The big box giant Wal-Mart is under attack again, this time by a coalition of varied opponents. The group, named “Wal-Mart Watch,” took out an ad in The New York Times last Wednesday, accusing the retailer “of low pay and meager employee benefits that force their workers to rely on Medicaid, food stamps, and federal housing to survive,” according to an Associated Press report.

The Sierra Club, which has long opposed urban sprawl, is one of the groups involved with Wal-Mart Watch. This ad campaign is the latest in a series of scathing critiques of Wal-Mart. The May issue of Christianity Today contains an article detailing some of the efforts of Christian activists questioning the practices of the chain, “Deliver Us from Wal-Mart?” by Jeff M. Sellers.
And that’s not all. Bread For the World’s Hunger Report 2005 (PDF; page 24) contains a short article rebuking Wal-Mart. Here’s the text:

Box Half Empty—or Box Half Full?

An increasingly common feature of rural landscapes these days is the big “box store,” most notably Wal-Mart. When Wal-Mart comes to town to break ground on a new store, it is hard not to notice the impact right away.

In Harrisville, Utah, population 2,000, a 24-hour Wal-Mart Supercenter swallowed up 212,000 square feet of rural fields. In Robert, Louisiana, a town of 900, the arrival of a Wal-Mart distribution center in 2001 required 34-acres of concrete poured over pasture and woodlands.

Proponents of Wal-Mart argue that the giant retail chain offers employment opportunities to rural communities that would not have existed otherwise. Others find this development more troubling. In Robert, many were not at all happy about the extra 400 trucks pulling into town each day exclusively on behalf of the Wal-Mart. The new store caused such a stir one resident characterized the way it divided the town as “almost like a Civil War.”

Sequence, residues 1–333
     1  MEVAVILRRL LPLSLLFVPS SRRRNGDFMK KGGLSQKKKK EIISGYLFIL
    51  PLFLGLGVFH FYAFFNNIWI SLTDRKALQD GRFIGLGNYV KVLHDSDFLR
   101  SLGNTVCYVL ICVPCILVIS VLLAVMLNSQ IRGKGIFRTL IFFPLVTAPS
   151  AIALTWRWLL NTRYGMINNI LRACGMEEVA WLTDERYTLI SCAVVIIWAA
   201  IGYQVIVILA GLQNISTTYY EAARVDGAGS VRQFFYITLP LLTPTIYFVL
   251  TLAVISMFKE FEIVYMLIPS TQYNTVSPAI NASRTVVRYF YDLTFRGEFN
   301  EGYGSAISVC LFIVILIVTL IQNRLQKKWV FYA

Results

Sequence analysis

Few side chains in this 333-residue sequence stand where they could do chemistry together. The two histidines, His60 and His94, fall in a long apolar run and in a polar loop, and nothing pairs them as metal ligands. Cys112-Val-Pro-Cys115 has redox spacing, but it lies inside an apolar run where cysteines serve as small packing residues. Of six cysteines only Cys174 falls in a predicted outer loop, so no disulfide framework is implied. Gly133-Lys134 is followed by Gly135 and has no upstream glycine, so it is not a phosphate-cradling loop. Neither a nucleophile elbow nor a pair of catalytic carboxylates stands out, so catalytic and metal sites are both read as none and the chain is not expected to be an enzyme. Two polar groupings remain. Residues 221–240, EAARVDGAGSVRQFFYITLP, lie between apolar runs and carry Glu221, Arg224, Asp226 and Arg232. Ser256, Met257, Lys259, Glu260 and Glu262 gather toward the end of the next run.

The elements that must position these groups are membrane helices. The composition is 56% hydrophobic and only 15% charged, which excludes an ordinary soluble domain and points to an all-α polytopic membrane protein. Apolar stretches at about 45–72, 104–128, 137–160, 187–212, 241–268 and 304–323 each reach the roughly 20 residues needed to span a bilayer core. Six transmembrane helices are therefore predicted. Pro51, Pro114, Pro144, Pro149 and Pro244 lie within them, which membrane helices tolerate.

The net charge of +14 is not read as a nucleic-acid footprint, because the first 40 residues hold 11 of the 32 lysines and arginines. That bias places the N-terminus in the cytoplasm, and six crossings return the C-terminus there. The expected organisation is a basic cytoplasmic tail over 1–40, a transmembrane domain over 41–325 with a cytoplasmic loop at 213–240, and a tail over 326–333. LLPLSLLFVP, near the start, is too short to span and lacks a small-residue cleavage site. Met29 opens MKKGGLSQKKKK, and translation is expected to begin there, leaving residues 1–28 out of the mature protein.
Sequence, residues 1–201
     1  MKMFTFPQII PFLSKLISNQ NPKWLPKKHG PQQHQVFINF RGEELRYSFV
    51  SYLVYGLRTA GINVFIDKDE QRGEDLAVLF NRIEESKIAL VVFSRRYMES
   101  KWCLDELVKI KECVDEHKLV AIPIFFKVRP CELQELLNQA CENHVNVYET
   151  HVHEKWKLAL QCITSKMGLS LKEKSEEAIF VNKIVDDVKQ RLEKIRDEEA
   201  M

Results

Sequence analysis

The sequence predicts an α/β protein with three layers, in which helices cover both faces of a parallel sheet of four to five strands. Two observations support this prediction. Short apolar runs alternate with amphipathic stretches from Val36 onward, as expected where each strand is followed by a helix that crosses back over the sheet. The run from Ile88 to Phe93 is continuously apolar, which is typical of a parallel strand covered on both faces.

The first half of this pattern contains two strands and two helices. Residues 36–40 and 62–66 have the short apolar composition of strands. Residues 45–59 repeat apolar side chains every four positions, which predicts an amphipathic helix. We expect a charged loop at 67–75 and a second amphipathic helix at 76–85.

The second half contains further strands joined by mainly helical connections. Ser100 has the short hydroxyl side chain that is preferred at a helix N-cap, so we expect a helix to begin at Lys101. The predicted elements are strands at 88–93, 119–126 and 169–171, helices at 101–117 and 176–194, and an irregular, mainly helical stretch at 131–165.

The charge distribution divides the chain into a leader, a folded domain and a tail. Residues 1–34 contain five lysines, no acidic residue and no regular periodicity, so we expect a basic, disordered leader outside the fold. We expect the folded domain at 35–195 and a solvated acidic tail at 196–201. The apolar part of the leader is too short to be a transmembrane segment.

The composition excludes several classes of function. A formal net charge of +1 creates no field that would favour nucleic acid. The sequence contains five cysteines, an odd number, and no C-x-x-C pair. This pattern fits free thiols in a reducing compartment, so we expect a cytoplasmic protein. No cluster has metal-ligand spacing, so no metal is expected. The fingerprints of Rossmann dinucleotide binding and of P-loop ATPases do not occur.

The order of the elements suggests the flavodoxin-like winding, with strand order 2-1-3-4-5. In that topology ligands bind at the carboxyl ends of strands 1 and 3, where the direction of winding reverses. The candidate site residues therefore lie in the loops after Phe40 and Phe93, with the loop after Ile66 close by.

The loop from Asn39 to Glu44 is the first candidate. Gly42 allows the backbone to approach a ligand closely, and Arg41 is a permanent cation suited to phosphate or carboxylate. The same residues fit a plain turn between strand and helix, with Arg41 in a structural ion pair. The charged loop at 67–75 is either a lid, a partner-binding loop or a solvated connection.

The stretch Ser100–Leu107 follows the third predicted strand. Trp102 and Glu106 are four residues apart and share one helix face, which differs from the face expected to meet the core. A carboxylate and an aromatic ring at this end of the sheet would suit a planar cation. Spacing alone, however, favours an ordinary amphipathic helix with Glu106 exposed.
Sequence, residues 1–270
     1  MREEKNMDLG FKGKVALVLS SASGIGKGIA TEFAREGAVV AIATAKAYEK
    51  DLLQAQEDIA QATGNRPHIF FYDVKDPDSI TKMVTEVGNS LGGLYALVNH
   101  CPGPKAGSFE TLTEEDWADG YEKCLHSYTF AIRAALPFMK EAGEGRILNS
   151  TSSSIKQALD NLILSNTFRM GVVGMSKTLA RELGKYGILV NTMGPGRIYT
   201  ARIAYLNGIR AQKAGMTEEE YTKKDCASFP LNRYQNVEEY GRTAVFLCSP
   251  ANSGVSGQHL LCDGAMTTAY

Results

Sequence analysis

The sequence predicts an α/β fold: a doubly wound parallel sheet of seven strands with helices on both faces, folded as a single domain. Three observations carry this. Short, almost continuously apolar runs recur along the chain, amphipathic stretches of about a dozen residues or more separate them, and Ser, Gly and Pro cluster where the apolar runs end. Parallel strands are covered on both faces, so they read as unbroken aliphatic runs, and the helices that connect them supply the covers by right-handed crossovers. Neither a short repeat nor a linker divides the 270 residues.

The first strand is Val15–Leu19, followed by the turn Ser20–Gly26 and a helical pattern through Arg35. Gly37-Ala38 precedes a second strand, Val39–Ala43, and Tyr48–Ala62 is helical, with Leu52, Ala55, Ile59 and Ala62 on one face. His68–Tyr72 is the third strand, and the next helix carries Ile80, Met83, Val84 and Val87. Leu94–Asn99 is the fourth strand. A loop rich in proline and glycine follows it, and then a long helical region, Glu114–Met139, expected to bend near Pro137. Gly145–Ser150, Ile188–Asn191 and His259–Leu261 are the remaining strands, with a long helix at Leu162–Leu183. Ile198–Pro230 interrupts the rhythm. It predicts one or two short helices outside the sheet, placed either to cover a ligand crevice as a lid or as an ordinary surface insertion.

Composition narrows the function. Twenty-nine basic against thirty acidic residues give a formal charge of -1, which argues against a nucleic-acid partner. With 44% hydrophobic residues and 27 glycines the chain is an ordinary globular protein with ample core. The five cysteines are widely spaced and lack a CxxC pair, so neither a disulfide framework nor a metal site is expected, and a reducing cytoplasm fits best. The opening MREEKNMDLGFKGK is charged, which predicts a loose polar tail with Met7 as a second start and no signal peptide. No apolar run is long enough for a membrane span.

Not only is Wal-Mart now the nation’s largest employer, with 1.2 million workers on its payroll, but the mega-store is also expanding at a rapid rate into new markets and putting its stamp on rural America. Take, for instance, groceries. Whereas most grocery store workers are covered by benefits packages, Wal-Mart does not have a pension program for its 1.2 million workers, and the health care coverage it offers is expensive.

Perhaps the most problematic of Wal-Mart’s policies is the company’s active discouragement of unionization, which puts its competitors with unionized workers at a significant financial disadvantage.

It’s not hard to see why Wal-Mart would like to blend into rural America. In urban areas, and even many suburban areas, it’s difficult, if not impossible, to find enough open land needed to build one of these giant stores. And once the Arkansas-based company draws a bead on a new location, seldom can a community do much more than stand back and watch as its world suddenly changes.

There’s obviously a number of issues to be concerned with here, including international trade, environmental stewardship, and the ethics of labor and wages.

With special reference to the question of urban sprawl, I’ll point you to the Controversy in the Spring 2003 edition of the Journal of Markets & Morality between Charles C. Bohl and Mark Pennington, “To What Extent and in What Ways Should Governmental Bodies Regulate Urban Planning?”